What is a “Top-Grading” Interview?

This term is being used more frequently in the HR world and refers to identifying the top 10% of performers in the interview practice. The methodology “relies on unusually detailed, chronological interviews; conclusions are gleaned from patterns which have emerged across layers of competencies as interviewers probe every success, failure, relationship, and major decision in a person’s career.” From the topgrading.com website, the interviews are:

Chronological: Job by job through the candidate’s entire career history.

In-depth: Detailed information about every success, failure, key decision and relationship.
Structured: The interviewer follows a structured interview, a “road map,” that ensures they get all the relevant data.

Some sample questions include:

  • What are a couple of the best and worst decisions you have made in the past year?
  • Describe a situation or two in which the pressures to compromise your integrity were the strongest you have ever felt.
  • What are examples of circumstances in which you were expected to do a certain thing and, on your own, went beyond the call of duty?

Conducting a top-grading interview is quite intense for both the interviewee and the interviewer!  Preparation for these kind of interviews however is the same for how you would prepare for a behaviorial interview-you have got to know your work history, accomplishments, talents, and skills backwards and forwards, and have at least 20 different interview answer “stories” that you have practiced repeatedly before the interview. Don’t be scared by the term “top-grading,” like in any situation the interviewer is looking for the most qualified person for the job, their “A” player. It could be you!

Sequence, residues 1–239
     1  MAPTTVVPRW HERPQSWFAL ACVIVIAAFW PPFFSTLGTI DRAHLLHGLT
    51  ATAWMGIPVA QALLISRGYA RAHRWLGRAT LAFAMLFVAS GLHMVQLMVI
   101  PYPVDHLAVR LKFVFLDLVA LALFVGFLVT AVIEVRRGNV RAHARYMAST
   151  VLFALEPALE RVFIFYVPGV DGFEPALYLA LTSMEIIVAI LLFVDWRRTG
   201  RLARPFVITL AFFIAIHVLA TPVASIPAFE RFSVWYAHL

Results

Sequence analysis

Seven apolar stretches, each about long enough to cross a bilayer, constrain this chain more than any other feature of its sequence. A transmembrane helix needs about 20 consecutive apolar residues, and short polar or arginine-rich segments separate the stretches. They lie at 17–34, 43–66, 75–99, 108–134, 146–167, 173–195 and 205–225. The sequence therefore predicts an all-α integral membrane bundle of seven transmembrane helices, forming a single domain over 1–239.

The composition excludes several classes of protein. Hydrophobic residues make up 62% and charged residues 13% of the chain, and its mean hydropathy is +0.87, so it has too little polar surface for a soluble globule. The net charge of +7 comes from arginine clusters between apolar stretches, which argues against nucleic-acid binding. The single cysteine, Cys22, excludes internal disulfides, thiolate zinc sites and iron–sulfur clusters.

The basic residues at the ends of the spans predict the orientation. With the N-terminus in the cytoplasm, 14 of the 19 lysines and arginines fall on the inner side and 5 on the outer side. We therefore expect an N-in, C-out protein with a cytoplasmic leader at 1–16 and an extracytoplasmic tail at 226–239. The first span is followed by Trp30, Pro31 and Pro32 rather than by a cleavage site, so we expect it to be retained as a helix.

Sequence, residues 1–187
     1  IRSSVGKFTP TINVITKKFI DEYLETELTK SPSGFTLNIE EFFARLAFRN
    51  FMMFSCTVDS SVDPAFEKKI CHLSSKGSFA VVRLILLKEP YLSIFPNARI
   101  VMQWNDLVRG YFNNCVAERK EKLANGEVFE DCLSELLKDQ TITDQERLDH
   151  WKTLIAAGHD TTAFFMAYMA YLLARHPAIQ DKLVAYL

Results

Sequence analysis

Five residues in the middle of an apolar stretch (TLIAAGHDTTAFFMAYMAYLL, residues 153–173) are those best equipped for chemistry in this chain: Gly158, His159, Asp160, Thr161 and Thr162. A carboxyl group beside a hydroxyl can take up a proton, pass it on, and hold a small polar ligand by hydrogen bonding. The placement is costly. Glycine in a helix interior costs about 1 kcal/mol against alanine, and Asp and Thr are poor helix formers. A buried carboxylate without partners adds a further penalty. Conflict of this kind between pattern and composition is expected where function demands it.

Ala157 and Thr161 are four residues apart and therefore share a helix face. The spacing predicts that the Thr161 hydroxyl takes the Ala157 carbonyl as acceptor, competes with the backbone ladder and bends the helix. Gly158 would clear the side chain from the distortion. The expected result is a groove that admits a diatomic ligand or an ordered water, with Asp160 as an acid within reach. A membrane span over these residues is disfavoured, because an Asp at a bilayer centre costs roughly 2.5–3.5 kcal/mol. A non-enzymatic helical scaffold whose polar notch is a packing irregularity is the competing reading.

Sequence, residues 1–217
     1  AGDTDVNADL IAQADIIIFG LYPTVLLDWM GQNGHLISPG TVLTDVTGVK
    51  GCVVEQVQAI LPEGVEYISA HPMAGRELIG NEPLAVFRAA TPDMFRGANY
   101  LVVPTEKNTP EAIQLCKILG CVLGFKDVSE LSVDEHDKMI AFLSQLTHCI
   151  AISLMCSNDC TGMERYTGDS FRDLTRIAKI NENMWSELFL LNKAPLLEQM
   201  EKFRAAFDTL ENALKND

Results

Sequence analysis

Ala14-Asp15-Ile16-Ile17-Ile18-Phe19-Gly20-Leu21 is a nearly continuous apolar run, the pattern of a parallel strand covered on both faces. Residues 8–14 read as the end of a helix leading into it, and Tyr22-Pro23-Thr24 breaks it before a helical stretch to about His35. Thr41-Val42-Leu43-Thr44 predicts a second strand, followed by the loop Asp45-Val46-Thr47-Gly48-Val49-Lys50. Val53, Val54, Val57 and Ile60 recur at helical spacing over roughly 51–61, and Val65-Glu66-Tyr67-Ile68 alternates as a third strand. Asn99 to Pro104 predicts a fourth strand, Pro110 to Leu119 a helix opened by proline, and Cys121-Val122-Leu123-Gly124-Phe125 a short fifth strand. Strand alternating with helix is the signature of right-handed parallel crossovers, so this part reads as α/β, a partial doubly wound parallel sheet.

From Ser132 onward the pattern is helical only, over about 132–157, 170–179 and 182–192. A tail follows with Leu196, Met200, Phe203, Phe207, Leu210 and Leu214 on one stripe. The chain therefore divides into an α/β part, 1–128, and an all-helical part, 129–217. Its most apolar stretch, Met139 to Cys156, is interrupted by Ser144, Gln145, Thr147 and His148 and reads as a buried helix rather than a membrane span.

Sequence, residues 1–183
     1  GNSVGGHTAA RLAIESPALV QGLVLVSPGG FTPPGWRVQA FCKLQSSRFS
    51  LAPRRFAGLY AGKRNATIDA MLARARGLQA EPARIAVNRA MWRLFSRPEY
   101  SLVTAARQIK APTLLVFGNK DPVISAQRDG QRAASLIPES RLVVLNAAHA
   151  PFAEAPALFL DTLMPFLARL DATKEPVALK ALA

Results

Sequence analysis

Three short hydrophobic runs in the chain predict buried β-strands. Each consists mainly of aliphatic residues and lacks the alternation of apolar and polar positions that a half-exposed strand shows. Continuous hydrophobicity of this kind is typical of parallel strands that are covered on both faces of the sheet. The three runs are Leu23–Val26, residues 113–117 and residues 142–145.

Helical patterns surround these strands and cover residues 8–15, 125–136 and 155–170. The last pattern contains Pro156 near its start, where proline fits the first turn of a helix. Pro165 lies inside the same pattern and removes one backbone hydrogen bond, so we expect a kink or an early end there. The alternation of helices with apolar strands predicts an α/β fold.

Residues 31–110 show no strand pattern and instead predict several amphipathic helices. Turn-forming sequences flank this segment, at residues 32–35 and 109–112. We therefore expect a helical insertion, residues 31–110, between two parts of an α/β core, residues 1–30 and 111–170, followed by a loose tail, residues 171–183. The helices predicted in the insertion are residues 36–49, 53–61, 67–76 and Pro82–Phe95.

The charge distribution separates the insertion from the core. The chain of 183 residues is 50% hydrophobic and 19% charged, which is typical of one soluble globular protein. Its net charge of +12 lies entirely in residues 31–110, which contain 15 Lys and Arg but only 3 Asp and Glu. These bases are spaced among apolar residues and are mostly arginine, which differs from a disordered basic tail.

March 25, 2010 at 6:12 pm Leave a comment

So you’ve been rejected after the interview-now what?

You might have thought it was a perfect fit, but apparently the company didn’t. Don’t respond to the recruiter’s email blasting them for making the mistake of not picking you! Instead, think of it as an opportunity to learn and to build a bridge for future opportunities.

The first thing you need to do is not beat yourself up. Frequently the reason that people don’t get jobs is not because they were not qualified, but because there was someone else who was just a little bit more qualified than them. Tough to take and hard to improve upon, but it is just the reality of having a glut of candidates out looking for jobs at the moment.

Respond to the recruiter via email asking if there is any constructive feedback they can give you about your interviews. Let them know that you really appreciate any insight they can share as you hope to learn from this experience and improve your skills for the next interview.